Even when Kahlo wasn’t participating in demonstrations or traveling with Rivera, her embrace of modernism and the avant garde — one which in turn reflected the divisive politics of the city — can be understood through her paintings, such as “Self-Portrait on the Border Line Between Mexico and the United States.”

As the title suggests, the 1932 painting depicts Kahlo on the U.S.-Mexican border. On the Mexican side sit what appears to be historical ruins, sculptures, flowers bursting through the earth — life and history. On the American side everything is mechanic, with a trail of smoke coming from a “Ford” factory obscuring the American flag, seemingly representing industrialization.

“She seems to really make personal what is happening at a much broader cultural level; she both channels it and becomes a kind of expression of it,” said O’Rourke.

Visitors can see the evolution of her work at the Dolores Olmedo Museum, which houses the largest collection of Frida Kahlo works in the world, according to the Mexico Tourism Board.

The nearby Paseo de la Reforma, a wide French-style avenue that cuts through the middle of Mexico City, offers views of some of the modern architecture that helped shape the metropolis in the 20th century.

In 1932, architect Juan O’Gorman built what is now the Museo Casa Estudio Diego Rivera y Frida Kahlo, a studio comprised of two separate workspaces, one for each artist. Throughout this period, Kahlo and Rivera’s relationship grew ever more strained, particularly following a miscarriage that took place in the early 1930s.

Throughout the 1930s and until her death, Kahlo continued to broach ever more taboo subjects, including a rendering of that miscarriage. Depicting themes like miscarriage and mutilation was an audacious artistic choice, as they were subjects almost never discussed at that time, according to O’Rourke.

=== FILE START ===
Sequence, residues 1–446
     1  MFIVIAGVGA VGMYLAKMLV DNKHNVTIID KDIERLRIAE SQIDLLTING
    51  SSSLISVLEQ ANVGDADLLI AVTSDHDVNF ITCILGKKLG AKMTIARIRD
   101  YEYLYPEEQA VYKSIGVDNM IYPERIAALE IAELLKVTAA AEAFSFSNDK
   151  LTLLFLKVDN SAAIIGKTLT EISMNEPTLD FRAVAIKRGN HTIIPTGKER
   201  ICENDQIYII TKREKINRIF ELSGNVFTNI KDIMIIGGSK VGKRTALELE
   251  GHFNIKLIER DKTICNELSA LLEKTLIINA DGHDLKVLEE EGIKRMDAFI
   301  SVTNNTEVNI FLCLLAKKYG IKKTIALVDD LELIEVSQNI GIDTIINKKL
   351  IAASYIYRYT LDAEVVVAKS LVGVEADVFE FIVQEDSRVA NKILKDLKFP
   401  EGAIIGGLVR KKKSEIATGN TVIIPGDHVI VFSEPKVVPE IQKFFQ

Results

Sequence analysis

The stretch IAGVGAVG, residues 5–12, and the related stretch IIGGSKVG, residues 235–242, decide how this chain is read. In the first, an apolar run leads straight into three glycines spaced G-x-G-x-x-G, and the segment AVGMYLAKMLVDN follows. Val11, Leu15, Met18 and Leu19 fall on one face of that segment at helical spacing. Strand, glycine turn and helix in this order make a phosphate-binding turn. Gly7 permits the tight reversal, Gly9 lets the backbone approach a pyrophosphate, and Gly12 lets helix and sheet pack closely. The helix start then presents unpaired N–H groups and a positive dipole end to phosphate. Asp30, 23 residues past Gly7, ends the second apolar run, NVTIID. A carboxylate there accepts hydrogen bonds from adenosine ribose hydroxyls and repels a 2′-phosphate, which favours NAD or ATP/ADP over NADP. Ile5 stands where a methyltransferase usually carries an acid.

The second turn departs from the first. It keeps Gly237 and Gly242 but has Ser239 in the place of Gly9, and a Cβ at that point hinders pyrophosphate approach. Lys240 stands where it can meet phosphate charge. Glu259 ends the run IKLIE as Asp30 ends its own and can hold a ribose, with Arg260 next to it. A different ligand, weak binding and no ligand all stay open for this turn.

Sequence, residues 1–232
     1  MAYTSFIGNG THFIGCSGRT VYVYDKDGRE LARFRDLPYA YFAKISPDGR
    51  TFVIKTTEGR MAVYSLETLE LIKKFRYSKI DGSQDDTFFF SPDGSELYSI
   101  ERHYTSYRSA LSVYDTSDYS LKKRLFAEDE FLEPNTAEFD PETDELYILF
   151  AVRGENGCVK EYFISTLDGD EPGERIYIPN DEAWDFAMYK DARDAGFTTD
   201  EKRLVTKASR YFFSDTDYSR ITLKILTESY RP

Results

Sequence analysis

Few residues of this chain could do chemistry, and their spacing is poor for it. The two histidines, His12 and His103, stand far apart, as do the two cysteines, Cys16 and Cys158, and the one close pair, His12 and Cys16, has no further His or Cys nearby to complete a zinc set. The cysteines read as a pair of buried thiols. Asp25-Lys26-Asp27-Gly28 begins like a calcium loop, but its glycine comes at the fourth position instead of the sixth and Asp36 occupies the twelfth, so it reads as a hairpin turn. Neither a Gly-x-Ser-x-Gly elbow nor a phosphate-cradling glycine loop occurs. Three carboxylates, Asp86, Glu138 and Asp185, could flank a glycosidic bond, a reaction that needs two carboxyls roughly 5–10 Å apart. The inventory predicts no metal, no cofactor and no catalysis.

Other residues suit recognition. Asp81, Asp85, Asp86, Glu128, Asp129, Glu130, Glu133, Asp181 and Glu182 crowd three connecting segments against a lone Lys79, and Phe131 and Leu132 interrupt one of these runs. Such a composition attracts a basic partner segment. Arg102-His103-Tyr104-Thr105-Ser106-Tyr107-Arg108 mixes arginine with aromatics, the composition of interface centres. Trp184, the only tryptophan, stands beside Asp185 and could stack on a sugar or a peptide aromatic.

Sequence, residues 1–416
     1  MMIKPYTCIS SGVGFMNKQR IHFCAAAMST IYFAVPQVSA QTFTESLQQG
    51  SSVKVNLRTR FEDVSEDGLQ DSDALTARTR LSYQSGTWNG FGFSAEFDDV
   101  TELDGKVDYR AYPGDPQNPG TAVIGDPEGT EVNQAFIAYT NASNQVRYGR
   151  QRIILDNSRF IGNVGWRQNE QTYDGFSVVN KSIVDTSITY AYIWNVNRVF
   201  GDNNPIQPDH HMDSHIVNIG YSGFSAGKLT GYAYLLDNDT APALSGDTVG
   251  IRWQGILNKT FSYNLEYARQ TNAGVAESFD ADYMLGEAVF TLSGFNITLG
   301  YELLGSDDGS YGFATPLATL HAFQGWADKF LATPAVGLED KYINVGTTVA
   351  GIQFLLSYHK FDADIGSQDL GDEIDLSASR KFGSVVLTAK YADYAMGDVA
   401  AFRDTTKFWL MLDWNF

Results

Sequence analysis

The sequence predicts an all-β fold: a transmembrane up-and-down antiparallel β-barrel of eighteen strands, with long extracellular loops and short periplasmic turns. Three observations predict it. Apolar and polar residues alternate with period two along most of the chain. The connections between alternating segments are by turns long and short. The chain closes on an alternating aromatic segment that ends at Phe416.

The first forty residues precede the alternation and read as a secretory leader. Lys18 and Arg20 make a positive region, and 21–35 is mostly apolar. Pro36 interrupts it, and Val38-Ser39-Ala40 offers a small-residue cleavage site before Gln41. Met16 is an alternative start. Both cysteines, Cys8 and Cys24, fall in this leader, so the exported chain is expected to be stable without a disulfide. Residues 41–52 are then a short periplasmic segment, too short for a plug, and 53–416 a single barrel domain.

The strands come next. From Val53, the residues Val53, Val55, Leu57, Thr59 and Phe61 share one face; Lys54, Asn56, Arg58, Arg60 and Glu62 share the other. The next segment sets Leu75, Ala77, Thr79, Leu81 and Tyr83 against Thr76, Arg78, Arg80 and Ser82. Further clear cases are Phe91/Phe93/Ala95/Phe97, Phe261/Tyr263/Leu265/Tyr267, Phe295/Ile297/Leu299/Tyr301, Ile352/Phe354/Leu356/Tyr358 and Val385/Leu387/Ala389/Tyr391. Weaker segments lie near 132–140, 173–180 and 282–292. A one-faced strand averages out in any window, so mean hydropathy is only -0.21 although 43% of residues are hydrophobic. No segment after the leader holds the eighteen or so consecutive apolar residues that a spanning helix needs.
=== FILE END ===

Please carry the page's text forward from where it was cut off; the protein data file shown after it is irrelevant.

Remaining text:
“That’s a radical thing. And it’s still radical,” she said.

Frida Kahlo's Mexico City
Credit: Getty Images

Mexico City Today

That penchant for pushing boundaries lives on in the current art scene of Mexico City, where the avant-garde still thrives.

Galleries like Galería OMR and Biquini Wax offer a platform for young, usually local, artists to express themselves in a public forum. Biquini Wax is a small artists’ collective that aims to blur the line between personal identity and art, the New York Times reported. Without referencing Kahlo directly, the ideas that the collective expresses — of identity as a form of creative art, of embracing the specificity of Mexico — hearken back to everything that she represented.

“What we don’t want is to be an exhibition space that could be anywhere in the world,” one of the co-founders, Daniel Aguilar Ruvalcaba, told The Times. “Producing art on the periphery gives us possibilities to dream.”

In these galleries then visitors can find the legacy of Kahlo in something more than a kitschy reproduction of her likeness. They can see the radical spirit she embodied which would live far longer than her 47 years.